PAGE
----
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ASH18: CAR-T and drugs give new options for multiple myeloma

San Diego congress showcasing data in important haematology markets

Celgene and Bluebird Bio’s anti-BCMA CAR-T bb21217 is effective in patients with very advanced multiple myeloma, and crucially seems to persist in the body longer than its first-generation predecessor.

The new data revealed at the American Society of Haematology (ASH) congress in San Diego showed that bb21217 achieved an overall response rate (ORR) of 83% in 12 heavily pre-treated patients with relapsed/refractory myeloma at the first dose level studied, with a second, higher dose still to be tried.


Celgene needs to maintain its dominance in myeloma with novel agents

The two companies are walking a tightrope with bb21217, hoping to show that it can maintain a more durable response than their first-generation anti-BCMA bb2121, but not completely overshadow the older drug which isn’t expected be filed for approval until next year.

bb21217 has been engineered to improve the ‘functional persistence’ of the CAR-T cells in the body, after data with bb2121 suggested that despite a very high ORR of 96% - including 50% complete responses – the median time to progression was less than a year.

The data with bb21217 gives an indication of greater persistence, with the cells still detectable in all three patients who had passed the six month time point after the CAR-T therapy was first administered. However, the top-line efficacy seems a little lower than bb2121 at this early stage, with three of 10 responders have a complete or stringent complete response.

On the safety front, eight of the 12 patients treated with bb21217 developed cytokine release syndrome, the side effect that caused most issues with the first CAR-Ts to reach the market, while three of the patients experienced neurotoxicity. Analysts at William Blair suggest that neurotoxicity could be a big factor separating anti-BCMA therapies, as clinicians are becoming more adept at using drugs to handle CRS.

There will be plenty of additional news on CAR-T therapies for myeloma at ASH this year. Later today, Johnson & Johnson will present new  phase 1 data on its early-stage anti-BCMA CAR-T LCAR-B38M in relapsed myeloma, after revealing a 100% response rate at an earlier timepoint, and Celgene is due to report results on no fewer than three anti-BCMA CAR-Ts developed by Juno – namely JCARH125, MCARH171 and FCARH143.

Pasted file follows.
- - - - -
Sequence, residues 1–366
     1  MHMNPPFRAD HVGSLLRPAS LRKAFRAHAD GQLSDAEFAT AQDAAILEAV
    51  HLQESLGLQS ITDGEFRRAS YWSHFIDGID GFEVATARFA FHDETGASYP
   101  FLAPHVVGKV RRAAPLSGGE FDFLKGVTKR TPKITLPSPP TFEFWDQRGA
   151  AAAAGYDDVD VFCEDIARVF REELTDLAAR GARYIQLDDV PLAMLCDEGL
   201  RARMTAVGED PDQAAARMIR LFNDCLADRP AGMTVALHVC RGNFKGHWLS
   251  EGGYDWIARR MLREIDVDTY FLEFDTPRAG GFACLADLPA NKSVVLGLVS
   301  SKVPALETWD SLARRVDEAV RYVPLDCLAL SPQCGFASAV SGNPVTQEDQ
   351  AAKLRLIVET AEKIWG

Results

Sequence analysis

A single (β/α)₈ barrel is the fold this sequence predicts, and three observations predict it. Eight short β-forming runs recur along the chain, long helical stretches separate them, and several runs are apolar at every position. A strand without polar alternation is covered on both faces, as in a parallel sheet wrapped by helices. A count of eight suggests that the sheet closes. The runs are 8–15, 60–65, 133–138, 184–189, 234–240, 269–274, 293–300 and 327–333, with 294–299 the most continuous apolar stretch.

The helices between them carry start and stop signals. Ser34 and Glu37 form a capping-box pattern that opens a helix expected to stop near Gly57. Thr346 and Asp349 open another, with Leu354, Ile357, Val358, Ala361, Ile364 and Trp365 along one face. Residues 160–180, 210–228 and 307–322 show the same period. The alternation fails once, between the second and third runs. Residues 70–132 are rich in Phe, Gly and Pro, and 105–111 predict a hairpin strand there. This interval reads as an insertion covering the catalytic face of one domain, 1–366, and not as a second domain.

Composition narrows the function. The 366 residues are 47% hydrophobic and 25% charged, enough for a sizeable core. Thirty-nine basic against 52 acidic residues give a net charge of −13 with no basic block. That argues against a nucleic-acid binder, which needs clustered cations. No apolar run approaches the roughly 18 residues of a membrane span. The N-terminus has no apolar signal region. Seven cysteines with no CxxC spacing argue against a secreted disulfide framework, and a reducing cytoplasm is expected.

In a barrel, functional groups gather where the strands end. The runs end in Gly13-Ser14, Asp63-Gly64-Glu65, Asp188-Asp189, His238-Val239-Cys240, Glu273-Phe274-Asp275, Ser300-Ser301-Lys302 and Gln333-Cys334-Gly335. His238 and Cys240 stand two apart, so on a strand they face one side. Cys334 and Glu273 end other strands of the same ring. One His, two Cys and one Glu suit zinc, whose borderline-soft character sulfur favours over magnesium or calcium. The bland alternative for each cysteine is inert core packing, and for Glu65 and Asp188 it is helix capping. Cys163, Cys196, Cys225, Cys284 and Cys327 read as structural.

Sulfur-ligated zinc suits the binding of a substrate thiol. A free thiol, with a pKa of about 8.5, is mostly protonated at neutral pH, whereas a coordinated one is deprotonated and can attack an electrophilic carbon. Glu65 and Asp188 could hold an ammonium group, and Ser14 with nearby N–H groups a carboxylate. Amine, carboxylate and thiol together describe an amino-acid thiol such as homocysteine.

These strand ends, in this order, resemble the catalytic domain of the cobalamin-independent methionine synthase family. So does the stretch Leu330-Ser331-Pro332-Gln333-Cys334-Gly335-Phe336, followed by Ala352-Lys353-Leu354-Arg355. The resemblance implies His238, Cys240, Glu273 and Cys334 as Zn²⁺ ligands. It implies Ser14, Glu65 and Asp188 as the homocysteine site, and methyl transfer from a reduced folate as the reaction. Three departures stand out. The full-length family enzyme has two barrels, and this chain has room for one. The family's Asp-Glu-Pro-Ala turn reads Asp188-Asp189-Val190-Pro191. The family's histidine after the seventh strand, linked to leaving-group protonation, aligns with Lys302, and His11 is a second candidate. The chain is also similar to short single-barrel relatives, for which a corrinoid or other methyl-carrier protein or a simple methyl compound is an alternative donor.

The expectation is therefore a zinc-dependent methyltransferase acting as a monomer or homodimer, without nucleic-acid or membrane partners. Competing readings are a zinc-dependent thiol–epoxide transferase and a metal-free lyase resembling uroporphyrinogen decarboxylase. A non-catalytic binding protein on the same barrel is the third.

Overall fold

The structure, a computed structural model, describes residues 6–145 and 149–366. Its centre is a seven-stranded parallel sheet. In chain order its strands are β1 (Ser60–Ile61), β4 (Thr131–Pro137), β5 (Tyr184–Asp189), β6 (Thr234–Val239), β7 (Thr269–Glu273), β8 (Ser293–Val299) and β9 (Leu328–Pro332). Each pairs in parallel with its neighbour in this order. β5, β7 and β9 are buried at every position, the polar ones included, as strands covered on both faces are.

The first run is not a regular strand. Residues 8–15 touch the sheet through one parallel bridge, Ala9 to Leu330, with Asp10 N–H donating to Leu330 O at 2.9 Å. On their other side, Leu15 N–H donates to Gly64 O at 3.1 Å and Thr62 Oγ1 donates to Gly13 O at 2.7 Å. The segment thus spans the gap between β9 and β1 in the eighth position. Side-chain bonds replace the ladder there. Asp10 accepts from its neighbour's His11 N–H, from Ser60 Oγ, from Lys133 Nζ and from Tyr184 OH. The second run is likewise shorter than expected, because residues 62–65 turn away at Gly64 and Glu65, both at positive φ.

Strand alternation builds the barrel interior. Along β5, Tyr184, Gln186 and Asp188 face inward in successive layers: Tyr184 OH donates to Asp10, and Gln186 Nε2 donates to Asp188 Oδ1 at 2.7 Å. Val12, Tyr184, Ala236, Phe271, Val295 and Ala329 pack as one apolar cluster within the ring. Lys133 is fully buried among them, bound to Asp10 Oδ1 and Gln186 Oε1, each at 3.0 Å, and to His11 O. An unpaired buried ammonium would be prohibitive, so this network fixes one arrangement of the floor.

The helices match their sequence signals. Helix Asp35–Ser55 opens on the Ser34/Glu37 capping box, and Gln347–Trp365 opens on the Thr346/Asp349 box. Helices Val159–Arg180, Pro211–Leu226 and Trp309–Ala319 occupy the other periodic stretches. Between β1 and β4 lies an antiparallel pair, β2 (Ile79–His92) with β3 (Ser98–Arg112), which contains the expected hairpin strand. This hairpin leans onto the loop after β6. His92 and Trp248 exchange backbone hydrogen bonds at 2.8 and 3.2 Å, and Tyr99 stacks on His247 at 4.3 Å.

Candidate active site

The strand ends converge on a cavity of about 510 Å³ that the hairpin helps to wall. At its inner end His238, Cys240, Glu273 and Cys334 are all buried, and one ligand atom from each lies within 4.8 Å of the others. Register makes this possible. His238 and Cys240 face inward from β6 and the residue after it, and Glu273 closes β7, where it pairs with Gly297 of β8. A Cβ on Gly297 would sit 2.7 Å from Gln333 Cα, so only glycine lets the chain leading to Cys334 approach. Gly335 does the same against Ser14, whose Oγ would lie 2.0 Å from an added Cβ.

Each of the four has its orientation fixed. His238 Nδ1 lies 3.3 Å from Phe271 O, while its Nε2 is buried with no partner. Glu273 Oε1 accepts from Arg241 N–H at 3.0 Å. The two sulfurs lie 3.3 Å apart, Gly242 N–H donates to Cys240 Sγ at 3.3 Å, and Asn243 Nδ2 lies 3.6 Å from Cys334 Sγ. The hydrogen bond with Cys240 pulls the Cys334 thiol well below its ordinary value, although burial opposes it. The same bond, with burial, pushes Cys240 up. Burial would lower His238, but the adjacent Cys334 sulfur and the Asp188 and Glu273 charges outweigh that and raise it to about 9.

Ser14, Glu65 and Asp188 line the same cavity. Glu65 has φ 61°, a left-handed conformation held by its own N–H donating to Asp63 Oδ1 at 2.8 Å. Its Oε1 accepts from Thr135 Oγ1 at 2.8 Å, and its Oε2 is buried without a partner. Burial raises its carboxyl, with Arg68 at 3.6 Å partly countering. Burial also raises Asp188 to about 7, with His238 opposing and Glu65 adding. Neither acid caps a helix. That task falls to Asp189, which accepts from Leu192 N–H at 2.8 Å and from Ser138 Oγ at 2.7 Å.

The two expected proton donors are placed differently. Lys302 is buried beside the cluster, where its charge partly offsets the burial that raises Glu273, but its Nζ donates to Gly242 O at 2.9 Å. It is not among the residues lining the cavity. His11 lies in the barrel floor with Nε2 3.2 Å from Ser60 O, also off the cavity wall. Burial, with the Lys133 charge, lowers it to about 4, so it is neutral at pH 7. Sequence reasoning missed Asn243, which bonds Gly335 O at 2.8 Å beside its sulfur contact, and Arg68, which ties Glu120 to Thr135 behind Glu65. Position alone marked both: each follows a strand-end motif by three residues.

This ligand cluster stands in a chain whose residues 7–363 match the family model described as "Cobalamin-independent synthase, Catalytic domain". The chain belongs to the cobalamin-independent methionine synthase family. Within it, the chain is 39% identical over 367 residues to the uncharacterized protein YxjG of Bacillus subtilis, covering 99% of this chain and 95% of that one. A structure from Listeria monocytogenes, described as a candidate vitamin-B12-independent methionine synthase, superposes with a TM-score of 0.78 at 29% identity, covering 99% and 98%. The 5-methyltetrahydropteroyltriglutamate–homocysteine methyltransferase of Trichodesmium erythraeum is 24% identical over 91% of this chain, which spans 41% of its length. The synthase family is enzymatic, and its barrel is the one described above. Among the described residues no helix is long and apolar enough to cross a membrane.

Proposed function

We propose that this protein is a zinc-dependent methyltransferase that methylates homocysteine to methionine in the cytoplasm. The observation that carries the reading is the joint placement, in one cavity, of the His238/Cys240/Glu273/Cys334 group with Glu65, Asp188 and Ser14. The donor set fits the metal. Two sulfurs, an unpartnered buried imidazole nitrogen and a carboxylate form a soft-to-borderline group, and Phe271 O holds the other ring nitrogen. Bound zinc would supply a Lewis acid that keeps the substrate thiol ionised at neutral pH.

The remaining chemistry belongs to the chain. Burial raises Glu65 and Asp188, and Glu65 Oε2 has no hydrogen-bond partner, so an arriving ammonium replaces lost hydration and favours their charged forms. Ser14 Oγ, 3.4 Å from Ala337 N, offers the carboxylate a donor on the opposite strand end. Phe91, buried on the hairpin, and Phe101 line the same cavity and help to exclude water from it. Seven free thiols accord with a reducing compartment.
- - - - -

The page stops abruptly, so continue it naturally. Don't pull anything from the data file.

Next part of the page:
Drug therapies

There was also plenty of new data available on drug therapies for myeloma, notably Takeda’s proteasome inhibitor Ninlaro (ixazomib) which looks on course to claim a new indication as a maintenance therapy for the disease, after cutting the risk of disease progression or death by 28% compared to placebo in adult patients who’ve already been treated with high-dose chemo and undergone an autologous haematopoietic stem cell transplant (HSCT).


Ninlaro is already approved as a second-line therapy in combination with Celgene’s Revlimid (lenalidomide) and dexamethasone, and Takeda is also trying to move its drug into the first-line setting to rival J&J’s anti-CD38 antibody Darzalex (daratumumab). The new data at ASH – from the TOURMALINE-MM3 study – will be submitted to regulators in the hope of extending the use of the drug into the maintenance setting.

J&J also reported new trial results for Darzalex in newly-diagnosed myeloma patients, showing in the ALCYONE trial that adding the drug to chemotherapy in patients ineligible for HSCT reduced the risk of disease progression or death by 57% compared to chemo alone after a median follow up of almost 28 months.

Later today, Amgen will report additional data from a trial of AMG 420, its anti-BCMA bispecific T-cell engager (BiTE) antibody construct that in early readouts has revealed impressive results – five complete responses in five patients – that could pose a threat to the BCMA-targeting CAR-Ts.

There are also updates expected on  GlaxoSmithKline’s anti-BCMA antibody-drug conjugate (ADC) GSK2857916 and Pfizer’s bispecific antibody PF-06863135.

Article by
Phil Taylor

3rd December 2018

From: Research



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